to ensure that Member States shall provide for appropriate national arrangements for a high level of nuclear safety to protect workers and the general public against the dangers arising from ionizing radiations from nuclear installations.

Article 2

Scope

1.   This Directive shall apply to any civilian nuclear installation operating under a licence as defined in Article 3(4) at all stages covered by this licence.

2.   This Directive does not prevent Member States from taking more stringent safety measures in the subject-matter covered by this Directive, in compliance with Community law.

3.   This Directive supplements the basic standards referred to in Article 30 of the Treaty as regards the nuclear safety of nuclear installations and is without prejudice to Directive 96/29/Euratom.

Article 3

Definitions

For the purposes of this Directive the following definitions shall apply:

1.

‘nuclear installation’ means:

(a)

an enrichment plant, nuclear fuel fabrication plant, nuclear power plant, reprocessing plant, research reactor facility, spent fuel storage facility; and

(b)

storage facilities for radioactive waste that are on the same site and are directly related to nuclear installations listed under point (a);

2.

‘nuclear safety’ means the achievement of proper operating conditions, prevention of accidents and mitigation of accident consequences, resulting in protection of workers and the general public from dangers arising from ionizing radiations from nuclear installations;

3.

‘competent regulatory authority’ means an authority or a system of authorities designated in a Member State in the field of regulation of nuclear safety of nuclear installations as referred to in Article 5;

4.

‘licence’ means any legal document granted under the jurisdiction of a Member State to confer responsibility for the siting, design, construction, commissioning and operation or decommissioning of a nuclear installation;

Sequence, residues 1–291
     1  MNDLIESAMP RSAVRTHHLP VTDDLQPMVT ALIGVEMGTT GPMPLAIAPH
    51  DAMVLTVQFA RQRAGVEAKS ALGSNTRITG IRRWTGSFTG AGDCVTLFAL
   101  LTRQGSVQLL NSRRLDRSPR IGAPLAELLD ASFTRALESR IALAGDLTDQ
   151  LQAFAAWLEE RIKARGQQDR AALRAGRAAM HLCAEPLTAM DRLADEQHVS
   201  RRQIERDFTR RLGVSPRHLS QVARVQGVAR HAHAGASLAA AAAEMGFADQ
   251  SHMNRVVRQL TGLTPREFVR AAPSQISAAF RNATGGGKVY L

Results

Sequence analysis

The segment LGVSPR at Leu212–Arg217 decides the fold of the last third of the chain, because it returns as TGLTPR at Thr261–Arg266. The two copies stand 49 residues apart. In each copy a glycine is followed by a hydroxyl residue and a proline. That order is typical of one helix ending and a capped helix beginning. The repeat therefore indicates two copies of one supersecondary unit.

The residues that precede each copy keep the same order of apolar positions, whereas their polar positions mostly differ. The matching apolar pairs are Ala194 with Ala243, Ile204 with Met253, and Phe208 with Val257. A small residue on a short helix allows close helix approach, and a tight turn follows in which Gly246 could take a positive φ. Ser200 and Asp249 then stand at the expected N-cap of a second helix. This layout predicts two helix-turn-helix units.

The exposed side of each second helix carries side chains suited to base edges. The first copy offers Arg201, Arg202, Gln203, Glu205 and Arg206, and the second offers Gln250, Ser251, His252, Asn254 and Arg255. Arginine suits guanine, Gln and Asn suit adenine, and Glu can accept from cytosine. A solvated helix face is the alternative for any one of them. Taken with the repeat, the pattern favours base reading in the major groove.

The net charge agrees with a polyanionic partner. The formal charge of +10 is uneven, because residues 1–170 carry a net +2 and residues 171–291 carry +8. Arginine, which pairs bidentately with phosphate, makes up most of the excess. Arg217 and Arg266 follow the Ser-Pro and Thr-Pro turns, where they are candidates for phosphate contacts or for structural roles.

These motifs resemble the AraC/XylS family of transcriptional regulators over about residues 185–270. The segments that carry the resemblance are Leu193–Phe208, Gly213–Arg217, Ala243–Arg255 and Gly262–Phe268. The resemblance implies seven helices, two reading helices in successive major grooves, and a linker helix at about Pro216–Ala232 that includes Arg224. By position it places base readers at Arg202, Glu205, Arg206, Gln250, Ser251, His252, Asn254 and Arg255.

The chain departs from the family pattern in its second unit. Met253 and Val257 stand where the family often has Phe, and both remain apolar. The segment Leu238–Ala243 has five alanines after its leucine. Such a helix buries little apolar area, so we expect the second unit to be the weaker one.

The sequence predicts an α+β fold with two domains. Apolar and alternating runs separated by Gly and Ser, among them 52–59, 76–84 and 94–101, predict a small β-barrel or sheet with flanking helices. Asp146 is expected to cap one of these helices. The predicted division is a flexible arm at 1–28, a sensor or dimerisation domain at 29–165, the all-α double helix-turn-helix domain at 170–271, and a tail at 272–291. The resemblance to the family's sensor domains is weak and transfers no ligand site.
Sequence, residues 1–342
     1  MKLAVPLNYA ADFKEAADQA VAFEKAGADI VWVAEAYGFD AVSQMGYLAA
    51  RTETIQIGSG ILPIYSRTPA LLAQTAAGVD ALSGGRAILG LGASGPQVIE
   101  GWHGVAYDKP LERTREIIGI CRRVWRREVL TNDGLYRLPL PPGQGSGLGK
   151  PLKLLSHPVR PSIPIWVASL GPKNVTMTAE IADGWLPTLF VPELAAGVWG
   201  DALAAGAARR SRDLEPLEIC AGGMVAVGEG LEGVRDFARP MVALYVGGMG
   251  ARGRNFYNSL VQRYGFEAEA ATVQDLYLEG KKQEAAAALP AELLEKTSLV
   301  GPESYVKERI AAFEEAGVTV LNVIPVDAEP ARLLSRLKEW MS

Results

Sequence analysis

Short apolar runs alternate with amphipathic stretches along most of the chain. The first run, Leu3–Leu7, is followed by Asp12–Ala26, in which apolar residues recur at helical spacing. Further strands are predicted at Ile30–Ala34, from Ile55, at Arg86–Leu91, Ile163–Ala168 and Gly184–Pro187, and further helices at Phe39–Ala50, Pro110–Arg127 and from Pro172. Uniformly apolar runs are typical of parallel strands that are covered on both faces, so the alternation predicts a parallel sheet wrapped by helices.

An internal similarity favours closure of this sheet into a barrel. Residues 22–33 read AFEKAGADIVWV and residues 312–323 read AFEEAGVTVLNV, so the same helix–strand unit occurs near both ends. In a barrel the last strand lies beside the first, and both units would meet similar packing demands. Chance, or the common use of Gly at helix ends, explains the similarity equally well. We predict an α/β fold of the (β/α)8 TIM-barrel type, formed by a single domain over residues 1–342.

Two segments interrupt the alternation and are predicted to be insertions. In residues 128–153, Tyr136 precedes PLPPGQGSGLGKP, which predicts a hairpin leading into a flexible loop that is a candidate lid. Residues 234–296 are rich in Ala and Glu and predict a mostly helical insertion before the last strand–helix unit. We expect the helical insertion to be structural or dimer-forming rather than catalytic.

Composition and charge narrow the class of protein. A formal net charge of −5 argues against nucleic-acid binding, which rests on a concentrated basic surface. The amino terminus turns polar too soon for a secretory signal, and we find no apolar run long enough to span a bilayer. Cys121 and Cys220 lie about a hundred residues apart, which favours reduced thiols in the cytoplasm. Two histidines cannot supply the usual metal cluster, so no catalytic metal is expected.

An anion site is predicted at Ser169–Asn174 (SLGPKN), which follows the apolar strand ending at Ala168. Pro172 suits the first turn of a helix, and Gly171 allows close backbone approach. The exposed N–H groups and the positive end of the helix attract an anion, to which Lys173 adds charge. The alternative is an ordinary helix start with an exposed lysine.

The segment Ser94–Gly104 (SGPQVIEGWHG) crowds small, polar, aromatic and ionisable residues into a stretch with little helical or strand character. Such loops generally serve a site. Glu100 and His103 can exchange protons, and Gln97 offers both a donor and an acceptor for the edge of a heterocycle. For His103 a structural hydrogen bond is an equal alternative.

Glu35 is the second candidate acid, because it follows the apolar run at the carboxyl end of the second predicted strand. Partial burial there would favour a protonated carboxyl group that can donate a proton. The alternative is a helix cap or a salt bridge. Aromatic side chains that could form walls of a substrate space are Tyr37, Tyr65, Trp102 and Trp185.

5.

‘licence holder’ means a legal or natural person having overall responsibility for a nuclear installation as specified in a licence.

CHAPTER 2

OBLIGATIONS

Article 4

Legislative, regulatory and organisational framework

1.   Member States shall establish and maintain a national legislative, regulatory and organisational framework (hereinafter referred to as the ‘national framework’) for nuclear safety of nuclear installations that allocates responsibilities and provides for coordination between relevant state bodies. The national framework shall establish responsibilities for:

(a)

the adoption of national nuclear safety requirements. The determination on how they are adopted and through which instrument they are applied rests with the competence of the Member States;

(b)

the provision of a system of licensing and prohibition of operation of nuclear installations without a licence;

(c)

the provision of a system of nuclear safety supervision;

(d)

enforcement actions, including suspension of operation and modification or revocation of a licence.

2.   Member States shall ensure that the national framework is maintained and improved when appropriate, taking into account operating experience, insights gained from safety analyses for operating nuclear installations, development of technology and results of safety research, when available and relevant.

Article 5

Competent regulatory authority

1.   Member States shall establish and maintain a competent regulatory authority in the field of nuclear safety of nuclear installations.

2.   Member States shall ensure that the competent regulatory authority is functionally separate from any other body or organisation concerned with the promotion, or utilisation of nuclear energy, including electricity production, in order to ensure effective independence from undue influence in its regulatory decision making.

3.   Member States shall ensure that the competent regulatory authority is given the legal powers and human and financial resources necessary to fulfil its obligations in connection with the national framework described in Article 4(1) with due priority to safety. This includes the powers and resources to:

(a)

require the licence holder to comply with national nuclear safety requirements and the terms of the relevant licence;

(b)

require demonstration of this compliance, including the requirements under paragraphs 2 to 5 of Article 6;

(c)

verify this compliance through regulatory assessments and inspections; and

(d)

carry out regulatory enforcement actions, including suspending the operation of nuclear installation in accordance with conditions defined by the national framework referred to in Article 4(1).

Article 6

Licence holders